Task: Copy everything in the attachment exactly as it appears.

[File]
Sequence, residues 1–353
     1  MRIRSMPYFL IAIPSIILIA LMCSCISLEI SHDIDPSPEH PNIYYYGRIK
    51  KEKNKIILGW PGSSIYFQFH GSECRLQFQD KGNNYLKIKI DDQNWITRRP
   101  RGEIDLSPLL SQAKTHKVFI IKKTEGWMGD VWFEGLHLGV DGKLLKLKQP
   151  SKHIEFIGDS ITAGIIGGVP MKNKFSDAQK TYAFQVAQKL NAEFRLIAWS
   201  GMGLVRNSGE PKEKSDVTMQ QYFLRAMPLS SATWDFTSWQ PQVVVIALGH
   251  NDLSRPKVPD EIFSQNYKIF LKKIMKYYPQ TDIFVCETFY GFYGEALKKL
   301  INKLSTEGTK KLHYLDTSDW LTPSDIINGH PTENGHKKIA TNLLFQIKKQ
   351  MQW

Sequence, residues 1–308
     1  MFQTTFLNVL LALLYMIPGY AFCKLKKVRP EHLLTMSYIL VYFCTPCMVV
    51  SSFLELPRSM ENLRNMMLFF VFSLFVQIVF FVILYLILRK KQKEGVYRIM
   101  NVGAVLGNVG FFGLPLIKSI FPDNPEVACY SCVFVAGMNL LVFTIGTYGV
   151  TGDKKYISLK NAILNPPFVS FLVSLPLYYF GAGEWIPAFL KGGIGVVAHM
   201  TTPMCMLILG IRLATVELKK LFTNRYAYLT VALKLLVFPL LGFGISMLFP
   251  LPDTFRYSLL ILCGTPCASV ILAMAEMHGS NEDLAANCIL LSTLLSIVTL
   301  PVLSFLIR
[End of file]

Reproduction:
Sequence, residues 1–353
     1  MRIRSMPYFL IAIPSIILIA LMCSCISLEI SHDIDPSPEH PNIYYYGRIK
    51  KEKNKIILGW PGSSIYFQFH GSECRLQFQD KGNNYLKIKI DDQNWITRRP
   101  RGEIDLSPLL SQAKTHKVFI IKKTEGWMGD VWFEGLHLGV DGKLLKLKQP
   151  SKHIEFIGDS ITAGIIGGVP MKNKFSDAQK TYAFQVAQKL NAEFRLIAWS
   201  GMGLVRNSGE PKEKSDVTMQ QYFLRAMPLS SATWDFTSWQ PQVVVIALGH
   251  NDLSRPKVPD EIFSQNYKIF LKKIMKYYPQ TDIFVCETFY GFYGEALKKL
   301  INKLSTEGTK KLHYLDTSDW LTPSDIINGH PTENGHKKIA TNLLFQIKKQ
   351  MQW

Sequence, residues 1–308
     1  MFQTTFLNVL LALLYMIPGY AFCKLKKVRP EHLLTMSYIL VYFCTPCMVV
    51  SSFLELPRSM ENLRNMMLFF VFSLFVQIVF FVILYLILRK KQKEGVYRIM
   101  NVGAVLGNVG FFGLPLIKSI FPDNPEVACY SCVFVAGMNL LVFTIGTYGV
   151  TGDKKYISLK NAILNPPFVS FLVSLPLYYF GAGEWIPAFL KGGIGVVAHM
   201  TTPMCMLILG IRLATVELKK LFTNRYAYLT VALKLLVFPL LGFGISMLFP
   251  LPDTFRYSLL ILCGTPCASV ILAMAEMHGS NEDLAANCIL LSTLLSIVTL
   301  PVLSFLIR